I'm a big fan of colorist control surfaces. My company invested in the JL Cooper EclipseCX. I'm approaching the 6 month mark of ownership and I've found that it's not without its own set of quirks and annoyances. Prime among those annoyances is the fact that Apple's Color natively offers only limited support for this control surface. From my original review:
Important keyboard commands are missing, as well as the missing Master Gain/Gamma/Lift controls. Moving quickly between shots using the transport buttons is too unresponsive. When copying and pasting grades there are too few buttons chasing too many controls. . . Keyframe management is clunky and should work better if placed elsewhere on the panel. . . Overall, I think the Color team really should to take another look at their control surface support for the JL Cooper and tidy things up a bit.
Here's the bad news: The software is an initial PITA to setup. Royally. Unpredictably. Frustratingly. PITA.
I've complained mightily to the JL Cooper Powers That Be about the nonsensical installation problems that surround getting the Eclipse software up and running for the first time. Why does it take so long? I have no fracking idea. But I've installed this software a dozen times in two different locations and it generally takes about 45 minutes - and I (think) I know what I'm doing.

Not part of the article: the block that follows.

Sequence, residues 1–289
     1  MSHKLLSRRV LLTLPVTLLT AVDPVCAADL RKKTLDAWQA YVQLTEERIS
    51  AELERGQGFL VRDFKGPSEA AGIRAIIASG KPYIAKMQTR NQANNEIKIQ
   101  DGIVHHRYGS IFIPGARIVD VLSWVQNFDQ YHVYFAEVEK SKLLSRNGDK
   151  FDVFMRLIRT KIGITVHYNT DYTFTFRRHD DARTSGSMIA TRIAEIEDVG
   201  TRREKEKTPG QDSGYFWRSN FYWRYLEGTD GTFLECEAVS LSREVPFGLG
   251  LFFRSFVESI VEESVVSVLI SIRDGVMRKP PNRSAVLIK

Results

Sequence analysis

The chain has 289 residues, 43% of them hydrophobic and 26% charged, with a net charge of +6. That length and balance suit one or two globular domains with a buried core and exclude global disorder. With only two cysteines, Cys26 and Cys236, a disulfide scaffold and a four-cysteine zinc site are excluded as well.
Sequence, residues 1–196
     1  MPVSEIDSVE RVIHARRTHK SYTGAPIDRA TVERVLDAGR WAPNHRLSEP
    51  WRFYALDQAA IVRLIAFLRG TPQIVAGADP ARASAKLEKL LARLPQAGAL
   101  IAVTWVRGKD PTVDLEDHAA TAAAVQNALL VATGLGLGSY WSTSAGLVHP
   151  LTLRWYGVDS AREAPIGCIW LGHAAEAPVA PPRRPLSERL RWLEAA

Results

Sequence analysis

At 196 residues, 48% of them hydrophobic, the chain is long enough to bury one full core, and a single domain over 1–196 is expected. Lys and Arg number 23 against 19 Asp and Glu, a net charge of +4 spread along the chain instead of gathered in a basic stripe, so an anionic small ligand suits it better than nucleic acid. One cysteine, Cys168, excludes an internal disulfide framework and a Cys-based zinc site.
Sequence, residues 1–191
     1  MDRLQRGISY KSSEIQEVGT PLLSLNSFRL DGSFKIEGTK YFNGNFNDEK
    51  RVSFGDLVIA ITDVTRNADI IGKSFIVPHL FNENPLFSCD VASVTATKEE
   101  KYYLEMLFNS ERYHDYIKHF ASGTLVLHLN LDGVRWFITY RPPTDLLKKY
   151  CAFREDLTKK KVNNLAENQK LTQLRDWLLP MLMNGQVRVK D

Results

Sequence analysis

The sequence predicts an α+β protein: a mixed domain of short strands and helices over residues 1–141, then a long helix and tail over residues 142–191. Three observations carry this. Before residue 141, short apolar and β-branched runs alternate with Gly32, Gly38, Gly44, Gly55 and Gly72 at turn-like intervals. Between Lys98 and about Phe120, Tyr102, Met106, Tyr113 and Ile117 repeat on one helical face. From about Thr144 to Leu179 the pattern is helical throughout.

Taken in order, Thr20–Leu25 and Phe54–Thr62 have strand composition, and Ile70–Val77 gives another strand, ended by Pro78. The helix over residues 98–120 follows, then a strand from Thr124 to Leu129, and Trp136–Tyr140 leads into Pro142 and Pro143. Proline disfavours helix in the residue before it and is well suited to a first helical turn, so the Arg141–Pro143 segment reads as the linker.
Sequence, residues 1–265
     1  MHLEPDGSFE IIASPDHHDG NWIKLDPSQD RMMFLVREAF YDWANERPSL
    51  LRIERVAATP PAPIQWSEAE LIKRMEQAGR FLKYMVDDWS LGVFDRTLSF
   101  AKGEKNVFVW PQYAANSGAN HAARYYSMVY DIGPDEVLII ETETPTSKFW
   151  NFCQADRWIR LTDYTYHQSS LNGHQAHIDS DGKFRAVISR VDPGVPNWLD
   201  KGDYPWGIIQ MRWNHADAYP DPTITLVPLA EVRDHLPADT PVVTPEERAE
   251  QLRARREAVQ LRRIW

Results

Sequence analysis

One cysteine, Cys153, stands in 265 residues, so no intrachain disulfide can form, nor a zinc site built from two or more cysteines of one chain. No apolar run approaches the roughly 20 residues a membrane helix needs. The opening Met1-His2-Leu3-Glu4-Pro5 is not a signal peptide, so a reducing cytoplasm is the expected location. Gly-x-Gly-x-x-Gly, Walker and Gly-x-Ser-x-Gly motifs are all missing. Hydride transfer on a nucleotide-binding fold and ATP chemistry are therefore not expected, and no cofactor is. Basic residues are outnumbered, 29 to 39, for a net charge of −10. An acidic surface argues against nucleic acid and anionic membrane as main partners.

But I've finally developed a few methods for making the install problem as painless as possible. Here's how I do it, in its mind-numbing detail:
Disclaimer: The current b6 software is just that, beta. It's available for download off their website. Here's the link. Like me, use at your own risk. I am not employed or any way associated with JL Cooper other than as an end-user. If you want to bitch at them, please do so. Here's their contact page. If you, however, want help with setting up the software and ask for help in a nice manner - I'll be happy do so either via the comments for this posting or, preferably, on the Yahoo Color-L mailing list (the latter is the preferred choice, since it can take me a few days to respond on the website).
The first time you do this - set aside a few hours. Don't try to squeeze this in 20 minutes before a session - you're asking for trouble. Let's start: